My rating: 5 of 5 stars
Overall the book is very good, It took me about a day to finish it, I am busy enough that it’s rare for me to read that much these days. I would recommend this book to anyone who likes science fiction and are geeky in any way.
Bob is very engaging, he reminds me of Mark Watney (from The Martian). Like Watney’s character has a lot riding on him because he is the only one around.
While he does have a very good skill set for the situation, he does have to learn and improvise in many areas and do things that do not come easily to him.
As the name of the book implies, by the end there are many Bob’s. They are off doing different things around various stars. This could easily get bogged down in details or confusing but it never does. The sign of the best art, in whatever form, is that something very hard is made to look very easy.
The writing is what can only be called smooth. It flows easily and never at any point are you tempted to stop, wait or even to skip ahead to a more interesting part.
I have read books, even some that I really like where this not the case. Even Game of Throne’s has parts where you want to change point of view badly.
The book starts off with just the life of one Bob, where pleasing those in charge and staying alive is all he can or has to worry about. Before too long it grows though, stretching about 40 years into the future and a couple dozen light years away.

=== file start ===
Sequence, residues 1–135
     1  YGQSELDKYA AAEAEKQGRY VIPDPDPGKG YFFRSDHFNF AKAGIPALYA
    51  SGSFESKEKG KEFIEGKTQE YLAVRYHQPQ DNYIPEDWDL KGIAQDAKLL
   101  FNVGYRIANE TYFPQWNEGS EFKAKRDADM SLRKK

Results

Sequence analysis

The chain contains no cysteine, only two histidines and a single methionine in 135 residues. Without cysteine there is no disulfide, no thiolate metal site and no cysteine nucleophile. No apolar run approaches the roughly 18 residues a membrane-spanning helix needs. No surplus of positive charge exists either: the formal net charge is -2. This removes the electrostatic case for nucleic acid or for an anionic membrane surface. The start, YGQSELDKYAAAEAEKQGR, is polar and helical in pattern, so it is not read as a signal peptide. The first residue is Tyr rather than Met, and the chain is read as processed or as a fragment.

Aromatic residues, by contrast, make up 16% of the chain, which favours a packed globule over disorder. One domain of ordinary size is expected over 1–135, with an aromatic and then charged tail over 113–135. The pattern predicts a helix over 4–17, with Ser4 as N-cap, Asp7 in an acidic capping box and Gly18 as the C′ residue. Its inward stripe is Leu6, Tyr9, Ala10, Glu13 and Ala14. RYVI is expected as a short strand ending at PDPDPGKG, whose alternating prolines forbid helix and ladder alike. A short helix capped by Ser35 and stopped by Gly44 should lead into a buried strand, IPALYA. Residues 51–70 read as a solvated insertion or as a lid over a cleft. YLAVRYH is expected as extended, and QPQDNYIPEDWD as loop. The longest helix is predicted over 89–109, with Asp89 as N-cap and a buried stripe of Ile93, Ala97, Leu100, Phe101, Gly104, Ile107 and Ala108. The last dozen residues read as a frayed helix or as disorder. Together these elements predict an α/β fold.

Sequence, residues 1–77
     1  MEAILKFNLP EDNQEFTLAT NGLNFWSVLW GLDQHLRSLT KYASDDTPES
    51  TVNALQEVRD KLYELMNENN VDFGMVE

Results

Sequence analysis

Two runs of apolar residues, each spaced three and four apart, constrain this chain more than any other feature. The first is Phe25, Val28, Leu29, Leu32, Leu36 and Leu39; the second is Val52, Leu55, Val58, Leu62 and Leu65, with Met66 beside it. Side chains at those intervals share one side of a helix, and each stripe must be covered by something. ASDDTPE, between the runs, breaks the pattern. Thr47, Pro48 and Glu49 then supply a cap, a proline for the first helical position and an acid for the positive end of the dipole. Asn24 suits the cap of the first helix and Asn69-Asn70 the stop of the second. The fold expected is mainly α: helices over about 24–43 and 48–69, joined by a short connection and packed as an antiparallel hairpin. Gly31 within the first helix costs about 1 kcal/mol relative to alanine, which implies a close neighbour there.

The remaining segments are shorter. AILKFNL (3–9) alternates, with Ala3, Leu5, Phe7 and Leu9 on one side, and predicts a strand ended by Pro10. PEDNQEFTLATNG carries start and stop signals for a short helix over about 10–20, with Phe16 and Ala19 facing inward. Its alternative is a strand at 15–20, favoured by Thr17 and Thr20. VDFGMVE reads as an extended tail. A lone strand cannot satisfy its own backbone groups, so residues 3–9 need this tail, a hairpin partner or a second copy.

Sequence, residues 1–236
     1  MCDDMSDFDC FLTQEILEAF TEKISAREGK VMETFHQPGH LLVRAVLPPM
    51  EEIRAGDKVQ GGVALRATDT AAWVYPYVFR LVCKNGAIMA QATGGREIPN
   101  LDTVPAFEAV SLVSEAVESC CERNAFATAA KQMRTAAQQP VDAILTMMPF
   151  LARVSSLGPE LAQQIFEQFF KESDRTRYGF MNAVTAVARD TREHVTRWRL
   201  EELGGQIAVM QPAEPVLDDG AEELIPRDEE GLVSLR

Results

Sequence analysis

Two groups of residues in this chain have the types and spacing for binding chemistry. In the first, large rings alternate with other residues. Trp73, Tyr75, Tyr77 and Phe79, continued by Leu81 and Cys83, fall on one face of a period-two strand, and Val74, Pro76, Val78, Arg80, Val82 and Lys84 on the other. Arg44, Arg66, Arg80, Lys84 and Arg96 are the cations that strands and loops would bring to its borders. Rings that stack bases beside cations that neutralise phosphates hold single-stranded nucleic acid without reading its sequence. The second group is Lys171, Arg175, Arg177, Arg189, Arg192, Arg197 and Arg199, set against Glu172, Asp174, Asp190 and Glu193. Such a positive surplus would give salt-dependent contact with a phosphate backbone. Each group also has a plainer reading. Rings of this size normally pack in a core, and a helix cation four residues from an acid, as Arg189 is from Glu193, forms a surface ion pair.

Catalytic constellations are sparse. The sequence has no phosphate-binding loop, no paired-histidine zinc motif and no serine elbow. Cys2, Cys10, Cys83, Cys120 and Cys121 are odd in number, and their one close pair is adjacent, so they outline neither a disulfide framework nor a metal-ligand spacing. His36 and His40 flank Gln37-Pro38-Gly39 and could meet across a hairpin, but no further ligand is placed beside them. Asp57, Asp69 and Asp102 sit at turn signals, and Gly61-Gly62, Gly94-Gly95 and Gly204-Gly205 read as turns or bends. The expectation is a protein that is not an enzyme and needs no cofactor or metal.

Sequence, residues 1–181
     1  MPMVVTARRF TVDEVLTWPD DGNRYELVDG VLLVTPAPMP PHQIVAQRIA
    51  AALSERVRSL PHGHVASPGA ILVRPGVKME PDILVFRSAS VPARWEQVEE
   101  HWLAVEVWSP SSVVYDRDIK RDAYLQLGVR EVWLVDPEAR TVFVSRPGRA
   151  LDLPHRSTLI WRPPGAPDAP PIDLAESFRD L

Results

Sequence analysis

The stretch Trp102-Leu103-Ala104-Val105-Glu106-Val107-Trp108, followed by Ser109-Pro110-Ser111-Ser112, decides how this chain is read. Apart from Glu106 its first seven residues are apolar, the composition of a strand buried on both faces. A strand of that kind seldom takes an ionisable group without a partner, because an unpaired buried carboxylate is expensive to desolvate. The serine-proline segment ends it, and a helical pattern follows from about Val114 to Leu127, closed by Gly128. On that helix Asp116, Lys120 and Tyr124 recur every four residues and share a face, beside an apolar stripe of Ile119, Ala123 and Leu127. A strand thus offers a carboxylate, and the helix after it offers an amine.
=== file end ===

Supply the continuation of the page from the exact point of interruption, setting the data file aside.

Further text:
While very very far from the first writer to do it, he does it well.
The Science (and technology)
I really do like how he maintained a hard sci-fi setting. The only technology that might not be considered hard is the subspace tech. Mainly the drive that creates gravity around the ships and pulls them forward. Otherwise there were no violations of physics that I could note.
It really is a good lesson that the constraints caused by science can help you tell a good story.
One thing I see here that I really wish I saw more often is how Bob was very creative and how he researched new technology. It also explored the various applications of the subspace tech.
Edit: review of the sequel: For We Are Many